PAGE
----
Disney sets $12.99 price for streaming bundle

Thursday, 08 Aug, 2019

Keep in mind Hulu is now available for $5.99 a month with ads, while ESPN+ costs $4.99 a month.

The Walt Disney Co has revealed plans to offer United States consumers a streaming bundle of Disney+, ESPN+, and advertising-supported Hulu for $12.99 (€11.60) a month, beginning November 12th, setting out its stall in what is likely to become a fiercely-fought battle with competing SVoD services.

We all know the Disney juggernaut will be rolling out its own streaming service this year in an attempt to bring Netflix and Amazon Prime to its knees (sort of).

In spite of this news, the crown jewel for Disney is still the Disney+ service itself that will be the streaming home for Marvel, Star Wars, Pixar and so much more content.

The shortfall was a shock to investors who were counting on Disney's market-dominating theme parks and films to shoulder the burden of growth as the company goes head to head with Netflix Inc.in streaming. The Hollywood Reporter mentions that sources say the studio could release 10 or more movies a year once the kinks are worked out, but that "half or more" of those releases could open on the Disney+ streaming service or Hulu (a distinction likely centered around the film's content).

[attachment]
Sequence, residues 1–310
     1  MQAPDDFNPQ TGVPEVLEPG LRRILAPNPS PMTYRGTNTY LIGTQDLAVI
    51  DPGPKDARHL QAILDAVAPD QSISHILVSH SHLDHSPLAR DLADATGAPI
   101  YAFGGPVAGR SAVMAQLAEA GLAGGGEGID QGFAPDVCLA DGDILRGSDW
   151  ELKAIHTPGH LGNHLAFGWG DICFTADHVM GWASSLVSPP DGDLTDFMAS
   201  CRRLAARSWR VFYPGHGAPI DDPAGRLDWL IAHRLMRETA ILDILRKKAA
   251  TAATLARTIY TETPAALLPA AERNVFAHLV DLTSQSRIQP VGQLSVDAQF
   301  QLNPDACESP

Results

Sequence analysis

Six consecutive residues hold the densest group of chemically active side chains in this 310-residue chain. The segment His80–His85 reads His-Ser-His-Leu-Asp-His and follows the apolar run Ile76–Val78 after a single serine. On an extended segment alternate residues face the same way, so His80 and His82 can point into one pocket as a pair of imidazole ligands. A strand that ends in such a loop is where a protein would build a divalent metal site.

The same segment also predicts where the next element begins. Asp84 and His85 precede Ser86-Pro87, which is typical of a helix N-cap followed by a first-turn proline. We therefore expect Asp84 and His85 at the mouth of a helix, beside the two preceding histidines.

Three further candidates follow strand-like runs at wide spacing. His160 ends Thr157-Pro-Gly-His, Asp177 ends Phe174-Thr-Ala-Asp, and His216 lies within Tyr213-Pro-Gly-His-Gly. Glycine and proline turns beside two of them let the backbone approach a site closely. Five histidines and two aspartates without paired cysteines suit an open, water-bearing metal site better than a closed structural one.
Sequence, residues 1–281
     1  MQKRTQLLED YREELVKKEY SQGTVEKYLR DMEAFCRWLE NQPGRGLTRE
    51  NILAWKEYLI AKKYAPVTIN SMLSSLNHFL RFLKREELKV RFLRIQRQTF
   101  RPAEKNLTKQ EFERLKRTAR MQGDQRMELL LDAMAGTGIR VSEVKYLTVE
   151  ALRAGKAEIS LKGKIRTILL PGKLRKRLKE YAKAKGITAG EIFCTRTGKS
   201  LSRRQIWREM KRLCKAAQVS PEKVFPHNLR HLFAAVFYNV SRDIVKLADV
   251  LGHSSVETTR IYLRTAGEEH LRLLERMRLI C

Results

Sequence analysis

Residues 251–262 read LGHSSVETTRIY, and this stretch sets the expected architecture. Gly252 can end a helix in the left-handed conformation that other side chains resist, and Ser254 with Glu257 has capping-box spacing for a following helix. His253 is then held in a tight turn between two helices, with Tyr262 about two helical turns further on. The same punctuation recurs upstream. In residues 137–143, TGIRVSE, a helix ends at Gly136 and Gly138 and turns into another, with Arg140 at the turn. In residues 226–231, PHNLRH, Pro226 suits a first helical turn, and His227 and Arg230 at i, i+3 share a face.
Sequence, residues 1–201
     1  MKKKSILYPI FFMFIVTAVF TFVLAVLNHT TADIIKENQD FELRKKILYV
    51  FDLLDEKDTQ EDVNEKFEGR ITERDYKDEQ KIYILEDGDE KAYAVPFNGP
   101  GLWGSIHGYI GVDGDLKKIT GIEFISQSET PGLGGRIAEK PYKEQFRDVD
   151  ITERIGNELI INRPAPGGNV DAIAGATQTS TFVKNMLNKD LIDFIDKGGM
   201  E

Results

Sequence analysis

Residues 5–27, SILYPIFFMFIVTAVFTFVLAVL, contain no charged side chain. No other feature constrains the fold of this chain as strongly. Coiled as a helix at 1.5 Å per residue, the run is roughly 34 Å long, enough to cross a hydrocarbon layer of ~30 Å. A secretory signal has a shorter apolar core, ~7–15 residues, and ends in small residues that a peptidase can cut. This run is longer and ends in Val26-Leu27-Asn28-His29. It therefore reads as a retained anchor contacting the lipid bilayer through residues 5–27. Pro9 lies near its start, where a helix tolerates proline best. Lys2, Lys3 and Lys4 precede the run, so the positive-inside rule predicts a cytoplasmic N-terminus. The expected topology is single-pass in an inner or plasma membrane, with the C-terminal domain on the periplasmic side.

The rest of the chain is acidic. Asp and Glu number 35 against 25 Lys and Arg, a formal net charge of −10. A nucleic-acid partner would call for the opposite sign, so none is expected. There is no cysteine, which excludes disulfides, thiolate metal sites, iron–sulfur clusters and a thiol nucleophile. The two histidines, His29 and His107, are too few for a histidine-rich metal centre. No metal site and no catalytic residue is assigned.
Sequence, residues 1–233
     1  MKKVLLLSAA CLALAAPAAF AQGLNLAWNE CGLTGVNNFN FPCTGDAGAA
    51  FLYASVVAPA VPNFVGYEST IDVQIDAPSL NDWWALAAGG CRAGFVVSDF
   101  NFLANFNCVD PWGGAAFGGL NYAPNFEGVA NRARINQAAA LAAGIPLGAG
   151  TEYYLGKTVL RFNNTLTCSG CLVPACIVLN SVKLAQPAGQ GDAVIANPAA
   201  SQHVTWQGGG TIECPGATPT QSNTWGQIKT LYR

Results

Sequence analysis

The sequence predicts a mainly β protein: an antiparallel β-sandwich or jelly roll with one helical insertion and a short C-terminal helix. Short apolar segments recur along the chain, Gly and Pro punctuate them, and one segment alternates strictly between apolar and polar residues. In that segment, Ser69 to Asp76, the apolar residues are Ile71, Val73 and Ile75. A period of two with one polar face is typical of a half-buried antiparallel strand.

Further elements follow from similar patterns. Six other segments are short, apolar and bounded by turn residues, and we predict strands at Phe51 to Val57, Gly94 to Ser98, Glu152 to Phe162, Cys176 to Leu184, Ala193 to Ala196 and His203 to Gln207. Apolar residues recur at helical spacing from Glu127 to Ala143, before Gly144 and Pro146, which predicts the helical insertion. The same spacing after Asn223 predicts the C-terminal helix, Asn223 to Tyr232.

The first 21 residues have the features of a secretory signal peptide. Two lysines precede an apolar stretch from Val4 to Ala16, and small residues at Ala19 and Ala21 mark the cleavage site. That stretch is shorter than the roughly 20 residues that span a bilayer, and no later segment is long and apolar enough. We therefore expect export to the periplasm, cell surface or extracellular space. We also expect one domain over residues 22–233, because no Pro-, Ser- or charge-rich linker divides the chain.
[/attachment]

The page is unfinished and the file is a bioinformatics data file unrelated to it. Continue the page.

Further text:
Disney chief Bob Iger revealed the plan for the bundle during Disney's quarterly earnings call with Wall Street analysts.

Its biggest digital bet, a family-friendly subscription service called Disney+, is scheduled to debut in November.

Disney recently acquired Fox and the Home Alone, Night at the Museum, Diary of a Wimpy Kid and Cheaper by the Dozen franchises from the Fox library will all be rebooted. Live-action remakes of Disney animated films that don't have as strong of a nostalgia pull like Lady in the Tramp are heading to the streaming service, as are series adaptations of mid-budget hits like Love, Simon. But after today's announcement, we're getting a clearer picture as to how Disney plans to manage all that content under its control. It is an interesting selection of franchises though, with something like Night at the Museum still being very fresh in most people's minds, but classics like Home Alone are old enough to warrant the reboot treatment.

Other factors Iger and Disney officials attributed to the decline in visitors were one-day ticket costs being raised "substantially" and the ongoing integration of Fox's entertainment assets.

The executive added: "We feel it's important for us to achieve scale quickly".